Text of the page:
For any impact cleaning process water serves two purposes.  Firstly it acts to dissolve residue, this is part of the chemical element of cleaning mentioned above. More importantly, however, water is the mechanism by which the mechanical action element is delivered. The efficiency of a water spray for delivering mechanical energy for cleaning will be affected by the nature of the spray and thus the nozzle used.

Mechanical action is essentially the process of transferring energy from a pump to the surface to be cleaned via water. As with all energy transfer systems, efficiency is less than 100%. Reducing energy waste through improved nozzle selection can  improve the efficiency of the tank washing system. If this is achieved then the amount of energy/water used can be reduced while achieving the same level of mechanical action. (See figure 2).

Effective nozzle selection will not directly affect pipe friction losses but it will affect losses of energy through fluid atomisation and turbulent flow.                                     

The process of breaking apart a fluid into droplets to form a spray pattern uses energy and once used, is then not available for cleaning the surface in question. The benefits of an atomised spray are that it can be formed into a full cone or flat fan pattern delivering the spray to a larger area, but this means that the overall energy transfer will be less due to the energy used in the process of atomisation.

Further energy will be lost in atomised sprays due to turbulent flow. In flat fan or full cone spray patterns the droplets are moving in a less uniform direction than in a solid stream of water. Whilst the whole fluid has a definite direction the individual droplets will have a random, turbulent, element to their motion. This effectively wastes energy, meaning the overall transfer of energy in full cone and flat fan patterns is lower than in solid stream nozzles.

So the most efficient spray system would be solid stream jet followed by a flat fan spray pattern and finally a full cone pattern (omni-directional spray nozzles can be considered as 360° full cone nozzles). For example, it is not untypical to require 10 times less water per square meter being cleaned. The drawback of solid stream cleaning systems is that they require a defined wash cycle time to cover the whole of the tank. This could increase clean cycle times thus adding to the cost associated with the time element of the cleaning process. (See figure 3)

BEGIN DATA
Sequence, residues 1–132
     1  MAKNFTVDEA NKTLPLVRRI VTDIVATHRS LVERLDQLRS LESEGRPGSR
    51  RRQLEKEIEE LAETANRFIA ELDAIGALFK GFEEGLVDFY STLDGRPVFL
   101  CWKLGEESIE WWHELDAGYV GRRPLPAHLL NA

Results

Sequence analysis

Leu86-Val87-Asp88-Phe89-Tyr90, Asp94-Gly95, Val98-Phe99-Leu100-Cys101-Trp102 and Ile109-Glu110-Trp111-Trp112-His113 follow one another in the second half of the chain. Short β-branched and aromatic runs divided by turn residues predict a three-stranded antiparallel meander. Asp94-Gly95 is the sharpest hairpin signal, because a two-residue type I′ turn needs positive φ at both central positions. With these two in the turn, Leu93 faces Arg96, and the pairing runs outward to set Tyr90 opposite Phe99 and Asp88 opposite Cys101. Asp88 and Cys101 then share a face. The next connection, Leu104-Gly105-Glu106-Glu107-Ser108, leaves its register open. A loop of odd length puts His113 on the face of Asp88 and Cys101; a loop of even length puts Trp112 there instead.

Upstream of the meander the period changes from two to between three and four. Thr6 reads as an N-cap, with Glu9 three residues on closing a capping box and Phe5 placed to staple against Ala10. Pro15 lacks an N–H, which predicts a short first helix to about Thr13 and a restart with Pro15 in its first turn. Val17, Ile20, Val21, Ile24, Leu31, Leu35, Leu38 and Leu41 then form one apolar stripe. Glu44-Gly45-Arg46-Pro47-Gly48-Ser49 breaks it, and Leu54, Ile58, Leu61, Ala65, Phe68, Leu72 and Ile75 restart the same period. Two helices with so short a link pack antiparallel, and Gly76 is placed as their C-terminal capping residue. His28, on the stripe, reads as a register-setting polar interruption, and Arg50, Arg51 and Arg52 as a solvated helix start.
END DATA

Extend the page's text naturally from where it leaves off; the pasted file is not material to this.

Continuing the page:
So what are the options when it comes to tank washing nozzle designs?

Spray Balls – These nozzles are spheres with multiple holes producing an omni-directional spray. They are fairly inefficient when it comes to energy transfer, but have the advantage of being cheap and can deliver a low impact rinse more or less instantly to the whole container. They only really suit very light cleaning applications in small containers.

Spiral Wide angle nozzles – Such nozzles produce a “cone” of spray up to 270° wide. The spray is inefficient when it comes to energy transfer, but spirals offer greater impact than spray balls per volume of water used. They should be considered for low impact cleaning of small tanks, such as rinsing and washing fluid containing vessels.

Multi-headed nozzles consist of several full cone nozzles positioned on a single head giving an omni-directional spray. Because multiple nozzles are being used to produce more direct sprays the impact per volume of water is increased. However, the individual sprays are still full cones and thus inherently inefficient. Such systems are suitable for small-medium sized tanks that require light to moderate cleaning.

Rotary Flat Fan Nozzles – With these nozzles complete coverage happens only after a few moments but the nozzle spray will need to be working for while before any significant residue is removed. As a flat fan pattern is being used there is a moderately efficient energy transfer resulting in a medium impact cleaning spray.  They can be used in small to medium sized tanks that have moderately stubborn residues to remove, such as cleaning wine barrels and fermenting tanks.

Rotary solid stream nozzles have 2, 4 or 8 solid stream jets which rotate sweeping the inside of the tank. They are the most energy efficient tank washers, but are generally more expensive than other types. However, for medium to large tanks or tanks with stubborn residues the additional capital expenditure is often paid for through efficiency gains. Typical uses include: cleaning mash tuns, cooking vats, and large storage silos.

Four steps to efficiency

In conclusion, there are  four steps to consider when improving efficiency:

  • Step 1 – Consider the true cost of each of the 4 elements of the cleaning mix.
  • Step 2 – Consider the current contribution to cleaning from each element.
  • Step 3 – Look at elements where absolute efficiency gains can be made i.e. the same cleaning  for less cost.
  • Step 4 – Assess how the new cleaning mix will be optimised.